On 4 February, newspapers and TV channels were dominated by images of Molla flashing the V-sign to his supporters as he left the court after sentencing. Molla, who led a razakaar squad during the war and is known as the Butcher of Mirpur, had good reason to rejoice – he had been expecting the death sentence, sitting silently as witness after witness came forward to testify to his crimes – raping an 11-year old girl, beheading a well-known poet and shooting 344 people in the Mirpur area.
Molla’s triumphant response to the verdict infuriated those who had been waiting for justice for 42 long years. A storm of protest started on blogs and on national TV. The same evening, a small group of young political bloggers started a sit-in at the Shahbagh intersection near Dhaka University, a traditional venue for both protests and celebrations. The news spread quickly on blogs and social media, and others joined in, mostly young people and students, but also veterans of the Mukti Bahini, members of progressive organisations and others (like the Ekatorrer Ghatok Dalal Nirmul Samiti) who had long been demanding justice for war crimes.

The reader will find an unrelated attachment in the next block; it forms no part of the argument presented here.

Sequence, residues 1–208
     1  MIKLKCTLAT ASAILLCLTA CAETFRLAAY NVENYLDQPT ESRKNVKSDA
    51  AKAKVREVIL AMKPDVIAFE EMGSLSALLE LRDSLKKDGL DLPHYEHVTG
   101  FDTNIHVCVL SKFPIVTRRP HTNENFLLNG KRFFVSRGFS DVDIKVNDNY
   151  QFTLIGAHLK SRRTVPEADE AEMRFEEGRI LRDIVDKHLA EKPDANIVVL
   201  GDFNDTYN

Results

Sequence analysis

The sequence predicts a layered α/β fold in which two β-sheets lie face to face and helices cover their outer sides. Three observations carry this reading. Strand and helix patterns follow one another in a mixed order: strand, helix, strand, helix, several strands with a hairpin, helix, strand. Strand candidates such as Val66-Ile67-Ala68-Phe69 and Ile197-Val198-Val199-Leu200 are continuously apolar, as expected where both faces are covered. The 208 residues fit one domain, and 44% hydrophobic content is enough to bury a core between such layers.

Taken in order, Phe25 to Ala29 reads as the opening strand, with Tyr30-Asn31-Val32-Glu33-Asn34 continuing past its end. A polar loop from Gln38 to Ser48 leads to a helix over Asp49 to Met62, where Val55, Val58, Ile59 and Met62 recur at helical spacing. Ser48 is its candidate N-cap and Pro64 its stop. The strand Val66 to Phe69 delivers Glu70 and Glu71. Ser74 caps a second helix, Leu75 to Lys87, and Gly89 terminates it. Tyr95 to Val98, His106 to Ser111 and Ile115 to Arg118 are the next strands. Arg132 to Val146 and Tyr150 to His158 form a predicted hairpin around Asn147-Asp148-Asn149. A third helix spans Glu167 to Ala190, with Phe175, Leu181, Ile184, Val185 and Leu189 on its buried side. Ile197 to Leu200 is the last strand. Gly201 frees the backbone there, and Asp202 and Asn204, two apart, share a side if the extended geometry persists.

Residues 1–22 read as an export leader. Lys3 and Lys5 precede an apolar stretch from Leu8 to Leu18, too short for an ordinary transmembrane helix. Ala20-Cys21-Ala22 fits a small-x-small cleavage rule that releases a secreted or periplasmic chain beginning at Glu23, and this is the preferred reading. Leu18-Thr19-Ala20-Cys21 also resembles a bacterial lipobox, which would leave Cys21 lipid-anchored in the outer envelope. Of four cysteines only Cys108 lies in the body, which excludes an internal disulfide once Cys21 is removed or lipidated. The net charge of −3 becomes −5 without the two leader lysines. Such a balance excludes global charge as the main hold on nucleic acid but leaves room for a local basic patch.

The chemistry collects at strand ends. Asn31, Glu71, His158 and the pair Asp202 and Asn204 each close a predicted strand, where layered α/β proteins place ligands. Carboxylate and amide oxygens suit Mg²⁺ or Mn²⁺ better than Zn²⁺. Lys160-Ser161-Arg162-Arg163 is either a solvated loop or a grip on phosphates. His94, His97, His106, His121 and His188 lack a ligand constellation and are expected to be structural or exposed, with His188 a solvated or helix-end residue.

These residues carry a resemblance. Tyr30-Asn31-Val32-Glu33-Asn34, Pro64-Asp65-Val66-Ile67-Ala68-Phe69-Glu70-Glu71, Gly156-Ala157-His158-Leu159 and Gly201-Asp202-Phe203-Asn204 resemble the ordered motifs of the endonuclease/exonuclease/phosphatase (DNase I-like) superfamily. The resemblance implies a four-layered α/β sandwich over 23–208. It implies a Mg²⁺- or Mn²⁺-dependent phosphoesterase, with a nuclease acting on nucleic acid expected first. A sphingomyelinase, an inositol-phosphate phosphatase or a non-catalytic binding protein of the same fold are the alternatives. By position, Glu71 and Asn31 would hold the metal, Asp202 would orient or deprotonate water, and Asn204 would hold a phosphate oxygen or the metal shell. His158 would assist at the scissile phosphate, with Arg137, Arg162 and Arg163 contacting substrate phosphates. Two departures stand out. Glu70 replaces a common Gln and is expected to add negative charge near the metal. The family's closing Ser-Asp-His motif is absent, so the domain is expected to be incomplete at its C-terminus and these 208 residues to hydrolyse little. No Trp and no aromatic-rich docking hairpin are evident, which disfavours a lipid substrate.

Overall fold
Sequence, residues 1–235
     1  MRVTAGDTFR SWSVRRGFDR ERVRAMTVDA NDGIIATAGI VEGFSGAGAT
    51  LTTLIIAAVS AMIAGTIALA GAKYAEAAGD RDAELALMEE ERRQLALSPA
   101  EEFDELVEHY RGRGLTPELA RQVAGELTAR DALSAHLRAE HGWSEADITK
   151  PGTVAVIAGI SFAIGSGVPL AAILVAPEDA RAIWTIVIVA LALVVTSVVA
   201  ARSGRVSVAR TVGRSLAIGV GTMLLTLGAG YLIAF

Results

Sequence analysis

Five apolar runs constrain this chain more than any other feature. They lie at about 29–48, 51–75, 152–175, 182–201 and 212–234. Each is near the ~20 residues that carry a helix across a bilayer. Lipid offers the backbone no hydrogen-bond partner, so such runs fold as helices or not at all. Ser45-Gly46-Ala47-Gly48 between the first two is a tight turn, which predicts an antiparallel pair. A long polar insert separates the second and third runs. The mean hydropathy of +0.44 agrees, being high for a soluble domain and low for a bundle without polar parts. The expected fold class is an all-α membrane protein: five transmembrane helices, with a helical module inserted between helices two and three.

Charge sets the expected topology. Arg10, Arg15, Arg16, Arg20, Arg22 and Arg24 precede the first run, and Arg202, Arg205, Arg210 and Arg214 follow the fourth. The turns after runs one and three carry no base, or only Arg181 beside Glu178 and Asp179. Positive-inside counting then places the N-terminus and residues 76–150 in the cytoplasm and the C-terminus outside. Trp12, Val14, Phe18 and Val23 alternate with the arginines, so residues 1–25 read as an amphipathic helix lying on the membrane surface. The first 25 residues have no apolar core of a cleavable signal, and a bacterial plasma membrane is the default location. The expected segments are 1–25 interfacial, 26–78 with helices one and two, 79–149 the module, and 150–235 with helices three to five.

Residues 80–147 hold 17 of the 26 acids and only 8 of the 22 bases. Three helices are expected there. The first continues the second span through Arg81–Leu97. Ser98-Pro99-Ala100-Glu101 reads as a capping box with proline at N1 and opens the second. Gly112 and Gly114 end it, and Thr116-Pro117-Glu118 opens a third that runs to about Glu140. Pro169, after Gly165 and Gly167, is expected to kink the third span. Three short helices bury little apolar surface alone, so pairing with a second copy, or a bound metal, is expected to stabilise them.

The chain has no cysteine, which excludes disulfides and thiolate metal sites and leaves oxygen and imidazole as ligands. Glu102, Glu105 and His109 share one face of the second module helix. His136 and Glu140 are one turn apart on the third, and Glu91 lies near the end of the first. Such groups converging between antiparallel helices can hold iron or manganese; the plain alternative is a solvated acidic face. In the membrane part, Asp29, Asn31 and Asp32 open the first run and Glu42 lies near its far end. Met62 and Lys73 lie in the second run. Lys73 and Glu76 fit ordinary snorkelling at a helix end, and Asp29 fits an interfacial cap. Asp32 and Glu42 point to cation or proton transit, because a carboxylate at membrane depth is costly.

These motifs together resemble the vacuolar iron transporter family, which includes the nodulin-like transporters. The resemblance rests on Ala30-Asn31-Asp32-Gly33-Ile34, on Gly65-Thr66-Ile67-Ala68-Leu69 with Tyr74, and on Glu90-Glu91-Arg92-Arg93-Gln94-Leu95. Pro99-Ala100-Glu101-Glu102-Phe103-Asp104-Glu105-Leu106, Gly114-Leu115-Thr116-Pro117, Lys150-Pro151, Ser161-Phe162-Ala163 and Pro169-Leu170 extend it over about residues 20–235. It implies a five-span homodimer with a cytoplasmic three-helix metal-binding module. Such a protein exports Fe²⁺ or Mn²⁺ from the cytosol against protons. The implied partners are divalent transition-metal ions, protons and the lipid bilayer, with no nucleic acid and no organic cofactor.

Encouraged by this response, the protesters, under the newly-created banner of Gonojagoron Moncho, called for a public protest meeting at Shahbagh on Friday 8 February. An estimated five lakh people gathered in the square for the day-long event, the biggest demonstration the country had seen in recent years. By the end of the day, the young organisers took an oath that they would not leave the square until all those accused of war crimes were brought to justice and given the death sentence. Shahbagh Square was dubbed Projonmo Chottor, a Twitter hashtag (#Shahbagh) appeared – and the movement was born.
A call for three minutes of silence on 12 February drew a nationwide response – human chains were formed from end to end of the country, traffic in Dhaka came to a standstill, a premier league cricket match was stopped, even policemen on duty bowed their heads.
But no one expected this high level of enthusiasm to last – the organisers had in fact decided to organise events every day from 3 pm to 10 pm every evening, so that people could gather for a few hours after work. These plans became irrelevant on 15 February when Ahmed Rajib Haider, one of the bloggers who started the initial protest, was hacked to death outside his home, allegedly by the Islamic Chhatra Shibir, the student wing of the Jamaat-e-Islami. Haider, well-known for his blog against fundamentalism, had been dubbed an atheist by the Jamaat and had been facing online threats, including a “death warrant” posted on a Jamaat website.